By New Times
By Derek Askey
By Mark Deming
By Serene Dominic
By Jason Keil
By Robrt L. Pela and Amy Silverman
By Jeff Moses
By Serene Dominic
As a rule, instrumental rock is lame, particularly instrumental indie rock. The results are usually mathematical-sounding numbers or the wanks of virtuosos trying to show off the scales and modes they learned at Berklee. Dirty Three is different. And in this case, different is good. More affecting than a hundred emo bands and more intricate and interesting than any fusion jazz combo, the Australian trio has endeared itself to the Stinkweeds set by sketching (and stretching) out decidedly un-indie rock songs with just violin, guitar and drums. The group's compositions connect in an inimitable way, using dramatic melodies rather than vocals to convey the important points.
The group's fifth record takes listeners on a heady trip, soaring through with enough variation and ambiance to keep the journey interesting. With only six songs -- the CD clocks in at 45 minutes -- each track seems to go on and on without end or repetition, rife with a peculiar blend of sadness and majesty. The sorrow comes primarily from the long, despondent notes of violinist Warren Ellis, but also from the despondent tempos. Guiding the way with dimly lighted melodies, Ellis' playing is born out of a resigned melancholy. Thanks to the solid framework provided by Mick Turner's guitar arpeggios and drummer Jim White's brushed drum strokes, Ellis has plenty of room to pursue his muse. "I Really Should Have Gone Out Last Night" barely moves initially, guided by White's jazzy underplaying. But at the song's peak, Ellis and Turner duel like somnambulistic swordsmen, beautifully moving in slow motion.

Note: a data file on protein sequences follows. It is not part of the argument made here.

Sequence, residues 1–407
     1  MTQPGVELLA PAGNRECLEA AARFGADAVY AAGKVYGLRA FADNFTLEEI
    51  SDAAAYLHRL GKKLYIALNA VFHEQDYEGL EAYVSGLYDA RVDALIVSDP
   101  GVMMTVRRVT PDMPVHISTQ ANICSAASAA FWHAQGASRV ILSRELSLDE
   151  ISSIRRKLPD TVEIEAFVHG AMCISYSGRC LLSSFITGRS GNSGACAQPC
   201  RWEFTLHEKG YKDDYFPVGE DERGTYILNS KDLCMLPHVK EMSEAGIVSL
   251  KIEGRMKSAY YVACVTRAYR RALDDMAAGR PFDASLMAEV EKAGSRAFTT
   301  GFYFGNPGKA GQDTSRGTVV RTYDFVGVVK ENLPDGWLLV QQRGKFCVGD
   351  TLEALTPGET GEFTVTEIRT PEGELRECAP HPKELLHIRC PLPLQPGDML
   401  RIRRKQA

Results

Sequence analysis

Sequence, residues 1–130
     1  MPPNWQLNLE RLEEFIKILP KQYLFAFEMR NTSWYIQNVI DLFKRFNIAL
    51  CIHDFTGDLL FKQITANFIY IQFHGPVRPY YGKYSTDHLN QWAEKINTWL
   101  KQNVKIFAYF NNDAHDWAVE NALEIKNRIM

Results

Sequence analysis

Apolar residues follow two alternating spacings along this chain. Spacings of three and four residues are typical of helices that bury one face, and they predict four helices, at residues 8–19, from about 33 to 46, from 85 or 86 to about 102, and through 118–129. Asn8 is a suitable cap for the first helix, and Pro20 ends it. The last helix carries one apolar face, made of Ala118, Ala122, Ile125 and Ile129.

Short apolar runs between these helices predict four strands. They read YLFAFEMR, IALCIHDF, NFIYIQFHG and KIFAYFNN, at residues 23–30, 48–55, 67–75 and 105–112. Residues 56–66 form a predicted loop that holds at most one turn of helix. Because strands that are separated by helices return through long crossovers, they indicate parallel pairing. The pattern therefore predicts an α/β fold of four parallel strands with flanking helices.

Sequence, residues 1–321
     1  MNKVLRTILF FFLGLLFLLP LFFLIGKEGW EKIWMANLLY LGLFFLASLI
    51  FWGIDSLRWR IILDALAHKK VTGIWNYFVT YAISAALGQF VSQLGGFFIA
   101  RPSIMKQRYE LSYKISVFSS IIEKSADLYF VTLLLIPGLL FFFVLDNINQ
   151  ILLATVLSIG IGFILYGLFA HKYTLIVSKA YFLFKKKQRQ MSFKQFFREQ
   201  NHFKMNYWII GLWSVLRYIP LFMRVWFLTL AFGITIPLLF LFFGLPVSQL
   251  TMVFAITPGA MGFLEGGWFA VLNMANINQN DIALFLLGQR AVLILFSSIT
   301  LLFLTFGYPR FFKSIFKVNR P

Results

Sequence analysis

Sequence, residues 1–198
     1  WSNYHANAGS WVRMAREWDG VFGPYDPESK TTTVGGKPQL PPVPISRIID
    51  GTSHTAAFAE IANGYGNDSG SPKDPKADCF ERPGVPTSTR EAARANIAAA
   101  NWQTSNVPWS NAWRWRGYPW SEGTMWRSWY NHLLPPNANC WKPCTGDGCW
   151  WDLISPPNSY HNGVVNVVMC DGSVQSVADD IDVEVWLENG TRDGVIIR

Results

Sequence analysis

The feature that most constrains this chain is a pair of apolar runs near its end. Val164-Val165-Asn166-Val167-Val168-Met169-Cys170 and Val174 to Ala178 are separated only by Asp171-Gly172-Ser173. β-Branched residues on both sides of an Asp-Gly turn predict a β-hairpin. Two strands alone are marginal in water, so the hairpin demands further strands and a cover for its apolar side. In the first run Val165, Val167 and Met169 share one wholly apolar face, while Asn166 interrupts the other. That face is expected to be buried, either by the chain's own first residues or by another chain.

Whatever You Love mostly floats and drifts like that. The interplay among players seems to be telepathic, but the band isn't strictly improvising -- songs are built and refined. The multi-tracked violin cacophony and dissonance that opens "I Offered It Up to the Stars & the Night Sky" builds to a frantic pace, then slows to a series of long, protracted violin notes and finally stops, producing one of the noisier moments of the record. But the song is far from over. Free-form drums stagger in, Ellis joins up again and Turner peels off some faraway slide runs -- doing a complete about-face, resulting in one of the band's quieter tunes. So you go about your business, only to return 10 minutes later to find the same song has reached yet another crescendo of wailing violin, jarring guitar and thrashing drums. Those kinds of transcendental flashes -- building castles from a single grain of sand -- are what make the Dirty Three completely lovable.